through Oct. 31. The winning pumpkin will be featured at the Boone Village Halloween Party on Oct. 29. Photos of each pumpkin will be featured on Akard True Value Hardware’s Facebook page. For every 10 photo shares, Akard’s will donate $1 to that pumpkin’s collection can. Akard said her store is even getting in on the fun. “Our pumpkin is called Minions against MS. We have a dear friend and employee who is battling MS and all the money from our vote jars will go to MS research,” Akard said. So get creative instead of scary, and give your pumpkin a purpose.




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October 15, 2013


Current in Zionsville

Back in the day The first interurban electric car came through Zionsville at 8:30 a.m. on Sept. 17, 1903. It ran down the center of Main Street and was part of the T.H.E. & I. line. The interurbans were known as “wind splitters” because, compared to the big steam engines, they had a more pointed, aerodynamic front and rounded tail so they would “split the wind” as they zipped along. The original line ran from Terre Haute to Indianapolis with the company later acquiring a line that stopped in Zionsville en route from Indianapolis to Lafayette. In 1910, Indianapolis had up to 400 arrivals of interurban trains per day with the largest interurban railway terminal in the world. It operated until 1930 in Zionsville when it was replaced by a bus service. The last interurban route was between Indianapolis and Seymour. The last two trains on this route crashed in to each other. This new way of transportation arrived in Zionsville with mixed reviews - some residents felt it would help build up the town while others feared it might destroy it. Similar discussions over keeping the old while welcoming the new continue today. (Photo and history provided by Sullivan Munce Cultural Center)

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October 15, 2013


Current in Zionsville

DREES REDEFINES WHAT A CUSTOM HOME IS Homecoming Court photo – 1st Row – Princesses - Jaclyn Pullen (11), Megan Tiller (10), AnnCatherine Heigl (9) 2nd Row – Senior Queen Candidates – Dixe Schillaci, Clare Leonard, Rachel Miller, Candice Park, Mary Mulligan. (Submitted photo)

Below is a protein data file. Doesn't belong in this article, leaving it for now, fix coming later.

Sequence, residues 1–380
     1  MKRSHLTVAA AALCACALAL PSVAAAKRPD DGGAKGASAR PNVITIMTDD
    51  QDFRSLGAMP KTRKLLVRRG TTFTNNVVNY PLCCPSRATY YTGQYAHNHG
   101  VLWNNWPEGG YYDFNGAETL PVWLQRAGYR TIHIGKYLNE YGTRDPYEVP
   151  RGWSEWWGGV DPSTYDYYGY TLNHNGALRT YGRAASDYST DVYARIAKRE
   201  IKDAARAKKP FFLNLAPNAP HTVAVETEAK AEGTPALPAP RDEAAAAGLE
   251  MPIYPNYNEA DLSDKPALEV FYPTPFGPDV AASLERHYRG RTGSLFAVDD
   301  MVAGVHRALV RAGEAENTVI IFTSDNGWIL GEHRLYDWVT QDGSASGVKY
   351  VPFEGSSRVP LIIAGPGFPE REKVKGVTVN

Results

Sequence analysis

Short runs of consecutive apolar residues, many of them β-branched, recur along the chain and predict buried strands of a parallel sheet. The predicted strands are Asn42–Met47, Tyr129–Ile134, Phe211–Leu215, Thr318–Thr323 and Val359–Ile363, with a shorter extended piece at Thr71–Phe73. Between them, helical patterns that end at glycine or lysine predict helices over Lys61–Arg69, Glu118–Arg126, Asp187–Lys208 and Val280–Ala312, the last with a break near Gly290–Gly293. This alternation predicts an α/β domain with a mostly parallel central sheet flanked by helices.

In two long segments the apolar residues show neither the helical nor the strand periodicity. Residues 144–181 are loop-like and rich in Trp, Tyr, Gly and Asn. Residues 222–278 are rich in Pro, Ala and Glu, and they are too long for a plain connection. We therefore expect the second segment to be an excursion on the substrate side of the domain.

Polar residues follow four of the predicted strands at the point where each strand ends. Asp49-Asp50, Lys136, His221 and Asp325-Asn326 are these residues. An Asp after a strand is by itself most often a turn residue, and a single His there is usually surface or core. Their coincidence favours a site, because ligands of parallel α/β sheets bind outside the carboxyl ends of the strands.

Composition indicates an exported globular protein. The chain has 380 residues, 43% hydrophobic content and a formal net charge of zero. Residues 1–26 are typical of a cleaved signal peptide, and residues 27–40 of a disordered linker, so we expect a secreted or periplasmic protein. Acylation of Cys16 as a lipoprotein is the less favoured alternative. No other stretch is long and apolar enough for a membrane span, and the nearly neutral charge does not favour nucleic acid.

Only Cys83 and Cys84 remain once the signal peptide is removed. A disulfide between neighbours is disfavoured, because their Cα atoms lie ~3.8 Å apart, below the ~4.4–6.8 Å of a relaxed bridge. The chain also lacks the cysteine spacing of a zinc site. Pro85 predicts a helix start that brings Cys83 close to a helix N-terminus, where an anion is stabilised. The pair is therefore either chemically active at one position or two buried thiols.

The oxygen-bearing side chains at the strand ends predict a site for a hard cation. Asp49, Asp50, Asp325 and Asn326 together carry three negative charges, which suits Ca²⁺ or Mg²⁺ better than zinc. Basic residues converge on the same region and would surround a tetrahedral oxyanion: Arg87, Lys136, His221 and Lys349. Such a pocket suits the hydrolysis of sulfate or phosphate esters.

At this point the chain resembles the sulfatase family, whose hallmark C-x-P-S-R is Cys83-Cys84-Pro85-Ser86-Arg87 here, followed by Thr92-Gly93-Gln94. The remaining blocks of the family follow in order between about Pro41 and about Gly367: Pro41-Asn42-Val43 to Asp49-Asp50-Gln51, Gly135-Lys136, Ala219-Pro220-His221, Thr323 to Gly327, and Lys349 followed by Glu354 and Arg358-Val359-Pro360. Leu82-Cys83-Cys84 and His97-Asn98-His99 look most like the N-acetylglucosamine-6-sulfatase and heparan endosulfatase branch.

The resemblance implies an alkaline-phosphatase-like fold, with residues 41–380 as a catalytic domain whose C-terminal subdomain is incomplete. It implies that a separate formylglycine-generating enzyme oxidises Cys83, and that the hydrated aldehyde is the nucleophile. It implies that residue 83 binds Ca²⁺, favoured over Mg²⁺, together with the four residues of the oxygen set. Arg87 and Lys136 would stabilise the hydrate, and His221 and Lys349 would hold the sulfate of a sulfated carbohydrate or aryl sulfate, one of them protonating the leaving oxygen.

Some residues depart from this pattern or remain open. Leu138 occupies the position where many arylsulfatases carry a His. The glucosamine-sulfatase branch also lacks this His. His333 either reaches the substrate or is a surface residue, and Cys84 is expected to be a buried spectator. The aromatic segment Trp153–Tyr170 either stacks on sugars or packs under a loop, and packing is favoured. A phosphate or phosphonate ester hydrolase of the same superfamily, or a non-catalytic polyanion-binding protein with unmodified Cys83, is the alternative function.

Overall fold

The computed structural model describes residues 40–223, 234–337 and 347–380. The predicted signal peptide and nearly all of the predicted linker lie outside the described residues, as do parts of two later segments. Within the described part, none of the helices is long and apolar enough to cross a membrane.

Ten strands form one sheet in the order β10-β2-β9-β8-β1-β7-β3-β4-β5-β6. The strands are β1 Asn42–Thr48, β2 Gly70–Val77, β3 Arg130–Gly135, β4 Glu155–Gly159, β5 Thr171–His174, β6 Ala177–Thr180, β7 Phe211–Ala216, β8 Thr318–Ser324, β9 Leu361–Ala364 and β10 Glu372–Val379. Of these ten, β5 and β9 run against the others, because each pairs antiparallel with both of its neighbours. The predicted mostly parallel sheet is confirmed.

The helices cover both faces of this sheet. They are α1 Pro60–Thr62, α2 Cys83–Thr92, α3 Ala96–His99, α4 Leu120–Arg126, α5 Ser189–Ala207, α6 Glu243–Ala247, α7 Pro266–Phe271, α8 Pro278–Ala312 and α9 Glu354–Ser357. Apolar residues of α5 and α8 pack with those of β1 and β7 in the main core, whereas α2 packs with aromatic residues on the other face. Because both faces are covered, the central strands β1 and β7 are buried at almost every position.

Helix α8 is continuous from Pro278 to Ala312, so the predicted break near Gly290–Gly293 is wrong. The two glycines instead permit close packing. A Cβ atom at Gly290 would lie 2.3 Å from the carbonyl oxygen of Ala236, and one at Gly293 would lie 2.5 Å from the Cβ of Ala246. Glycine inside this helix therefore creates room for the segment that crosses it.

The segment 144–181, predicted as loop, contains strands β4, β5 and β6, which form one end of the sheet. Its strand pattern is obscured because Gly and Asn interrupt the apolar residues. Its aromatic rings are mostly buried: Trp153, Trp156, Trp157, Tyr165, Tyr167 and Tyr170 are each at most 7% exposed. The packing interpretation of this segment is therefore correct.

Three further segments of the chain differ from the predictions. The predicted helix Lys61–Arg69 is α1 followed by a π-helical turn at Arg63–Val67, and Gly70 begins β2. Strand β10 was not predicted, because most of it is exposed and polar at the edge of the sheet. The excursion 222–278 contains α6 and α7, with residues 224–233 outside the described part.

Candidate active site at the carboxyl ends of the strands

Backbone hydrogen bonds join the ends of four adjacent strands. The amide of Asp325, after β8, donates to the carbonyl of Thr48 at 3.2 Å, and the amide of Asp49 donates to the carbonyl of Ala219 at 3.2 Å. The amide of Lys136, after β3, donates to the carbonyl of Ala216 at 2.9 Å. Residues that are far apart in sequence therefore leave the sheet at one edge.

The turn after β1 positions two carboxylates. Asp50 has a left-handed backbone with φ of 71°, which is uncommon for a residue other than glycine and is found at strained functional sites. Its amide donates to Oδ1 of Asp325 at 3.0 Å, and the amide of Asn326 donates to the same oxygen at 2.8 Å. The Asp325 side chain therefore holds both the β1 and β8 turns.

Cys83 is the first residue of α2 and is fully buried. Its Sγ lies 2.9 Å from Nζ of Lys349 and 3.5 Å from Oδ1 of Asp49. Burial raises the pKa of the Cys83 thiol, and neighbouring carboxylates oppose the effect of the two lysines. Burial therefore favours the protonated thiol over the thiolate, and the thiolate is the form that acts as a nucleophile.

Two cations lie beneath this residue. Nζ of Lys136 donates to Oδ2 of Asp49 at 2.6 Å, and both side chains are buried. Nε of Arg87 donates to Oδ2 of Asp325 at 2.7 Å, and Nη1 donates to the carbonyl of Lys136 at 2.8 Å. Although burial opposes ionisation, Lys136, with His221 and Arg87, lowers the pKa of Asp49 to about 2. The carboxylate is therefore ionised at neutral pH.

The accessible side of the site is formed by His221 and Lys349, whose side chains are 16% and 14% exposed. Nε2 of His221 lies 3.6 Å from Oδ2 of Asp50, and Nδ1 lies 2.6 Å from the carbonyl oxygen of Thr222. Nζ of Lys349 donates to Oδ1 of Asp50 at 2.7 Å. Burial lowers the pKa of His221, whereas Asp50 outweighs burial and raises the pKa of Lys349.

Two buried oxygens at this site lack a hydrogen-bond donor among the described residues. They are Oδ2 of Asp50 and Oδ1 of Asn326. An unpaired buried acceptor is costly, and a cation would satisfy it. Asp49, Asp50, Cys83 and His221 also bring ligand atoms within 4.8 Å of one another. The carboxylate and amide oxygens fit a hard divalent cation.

©2013 Drees Premier Homes, Inc. All Rights Reserved.

Changes to Bender Square – Walking along Bender Square in Zionsville, you might notice some new stores. Dorothy Bender, owner of Bender Square, said Delaney’s Shoppe will open soon. This store will have unique gifts, clothing and home items. Owner Mary Larson already has Delaney stores in Fishers, Carmel, the Fashion Mall and Geist. Bender said she’s been told to look for a big open house in November. The children’s clothing store, Jack and Jill, will be closing and Bender said she’s looking for a new tenant. Jack and Jill will remain open until a new business enters that space.

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October 15, 2013


Current in Zionsville




Locals headed to national tennis tournament Recently, members from the Men’s 55 and over team based out of the Carmel Racquet Club won the USTA league Midwest Regional tennis tournament in Ft. Wayne, Ind., clinching a spot for them at nationals next April in Scottsdale, Ariz. Zionsville residents Todd Biberdorf and Court Jackson are among the team of players from Carmel, Fishers, Indianapolis, Shelbyville and Louisville. Coach Dick McKenna shared how these team members have played together in the USTA league for over 28 years. “What makes us our team special, more so than the individual talent and ability, is the friendship, the respect, the camaraderie, the trust and the selflessness we all share and show each other during these magic carpet rides we take together each year,” McKenna stated. Front row from left: Stig Ljungren (Fishers), Chip Bondurant (Indianapolis), Paul Cantrell (Indianapolis), Steve Brock (Indianapolis) Back Row from left: Jim Hall (Carmel), Todd Biberdorf (Zionsville), Dave Hoegberg (Indianapolis), Greg Griffey (Shelbyville), Brian Martin (Louisville), Will Higgins (Indianapolis), Court Jackson (Zionsville), Dick McKenna, Coach (Indianapolis). Not Pictured: Joe Riedman (Indianapolis), Dave Read (Carmel)

New Firefighter Sworn in - On Oct. 7 three new ZFD fire fighters were sworn in at the monthly Town Council meeting. From left, Town Council President Jeff Papa, Brendan Eckert, Firefighter/EMT Dennis Eckert, Firefighter/Paramedic Evan Maher, John Maher , Firefighter/EMT Sean Mitchell holding daughter Lexi, Fire Chief James VanGorder.

INDY READS: BOONE COUNTY One in five adults can’t read this newspaper. Come learn how you can help improve literacy by tutoring an adult. Volunteer Orientation 4-5:30 pm Friday, October 25 6:30-8 pm Tuesday, Oct. 29 Lebanon Public Library (second floor) To register call (765) 482-3460 x275 or e-mail